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Mechanisms Regulating Grain Contamination with Trichothecenes Translocated from the Stem Base of Wheat (Triticum aestivum) Infected with Fusarium culmorum
- Winter, Mark, Koopmann, Birger, Döll, Katharina, Karlovsky, Petr, Kropf, Ute, Schlüter, Klaus, von Tiedemann, Andreas
- Phytopathology 2013 v.103 no.7 pp. 682-689
- DNA, Fusarium culmorum, Fusarium head blight, Triticum aestivum, climate, crop production, cultivars, deoxynivalenol, fluorescein, fungal diseases of plants, gene expression, glycosylation, hulls, peduncle, plant pathogenic fungi, uridine, wheat, xylem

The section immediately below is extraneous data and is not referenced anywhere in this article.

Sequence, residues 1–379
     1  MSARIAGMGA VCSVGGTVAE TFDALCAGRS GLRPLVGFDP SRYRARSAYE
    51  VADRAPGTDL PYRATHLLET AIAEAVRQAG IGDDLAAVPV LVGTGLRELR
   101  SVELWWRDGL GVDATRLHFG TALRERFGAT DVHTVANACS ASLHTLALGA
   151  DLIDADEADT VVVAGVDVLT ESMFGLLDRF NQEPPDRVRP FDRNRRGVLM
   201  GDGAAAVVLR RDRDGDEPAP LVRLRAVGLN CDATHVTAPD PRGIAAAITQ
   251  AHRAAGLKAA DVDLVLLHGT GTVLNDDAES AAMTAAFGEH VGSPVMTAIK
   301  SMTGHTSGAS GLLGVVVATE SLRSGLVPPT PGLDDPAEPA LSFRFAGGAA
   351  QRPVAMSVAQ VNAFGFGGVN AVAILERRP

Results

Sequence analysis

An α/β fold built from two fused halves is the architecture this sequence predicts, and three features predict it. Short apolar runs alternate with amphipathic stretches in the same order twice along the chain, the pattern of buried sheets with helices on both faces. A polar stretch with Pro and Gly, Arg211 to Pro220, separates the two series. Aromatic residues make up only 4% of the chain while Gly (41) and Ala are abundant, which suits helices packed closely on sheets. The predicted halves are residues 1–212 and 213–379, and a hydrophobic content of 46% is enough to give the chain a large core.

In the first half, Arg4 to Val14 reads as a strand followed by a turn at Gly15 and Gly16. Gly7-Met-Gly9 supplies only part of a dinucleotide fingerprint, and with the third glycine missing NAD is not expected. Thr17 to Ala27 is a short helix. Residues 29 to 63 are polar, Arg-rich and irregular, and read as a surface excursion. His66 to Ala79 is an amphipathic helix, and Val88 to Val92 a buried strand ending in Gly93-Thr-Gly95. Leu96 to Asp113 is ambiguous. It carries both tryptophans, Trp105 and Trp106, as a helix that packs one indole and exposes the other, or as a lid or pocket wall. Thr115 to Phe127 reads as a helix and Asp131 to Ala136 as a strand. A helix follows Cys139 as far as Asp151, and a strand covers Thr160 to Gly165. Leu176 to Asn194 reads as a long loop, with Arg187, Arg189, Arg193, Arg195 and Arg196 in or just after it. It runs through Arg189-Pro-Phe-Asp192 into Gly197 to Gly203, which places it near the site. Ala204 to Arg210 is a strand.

- Factors limiting trichothecene contamination of mature wheat grains after Fusarium infection are of major interest in crop production. In addition to ear infection, systemic translocation of deoxynivalenol (DON) may contribute to mycotoxin levels in grains after stem base infection with toxigenic Fusarium spp. However, the exact and potential mechanisms regulating DON translocation into wheat grains from the plant base are still unknown. We analyzed two wheat cultivars differing in susceptibility to Fusarium head blight (FHB), which were infected at the stem base with Fusarium culmorum in climate chamber experiments. Fungal DNA was found only in the infected stem base tissue, whereas DON and its derivative, DON-3-glucoside (D3G), were detected in upper plant parts. Although infected stem bases contained more than 10,000 μg kg–¹ dry weight (DW) of DON and mean levels of DON after translocation in the ear and husks reached 1,900 μg kg–¹ DW, no DON or D3G was detectable in mature grains. D3G quantification revealed that DON detoxification took mainly place in the stem basis, where ≤50% of DON was metabolized into D3G. Enhanced expression of a gene putatively encoding a uridine diphosphate-glycosyltransferase (GenBank accession number FG985273) was observed in the stem base after infection with F. culmorum. Resistance to F. culmorum stem base infection, DON glycosylation in the stem base, and mycotoxin translocation were unrelated to cultivar resistance to FHB. Histological studies demonstrated that the vascular transport of DON labeled with fluorescein as a tracer from the peduncle to the grain was interrupted by a barrier zone at the interface between grain and rachilla, formerly described as “xylem discontinuity”. This is the first study to demonstrate the effective control of influx of systemically translocated fungal mycotoxins into grains at the rachilla–seed interface by the xylem discontinuity tissue in wheat ears.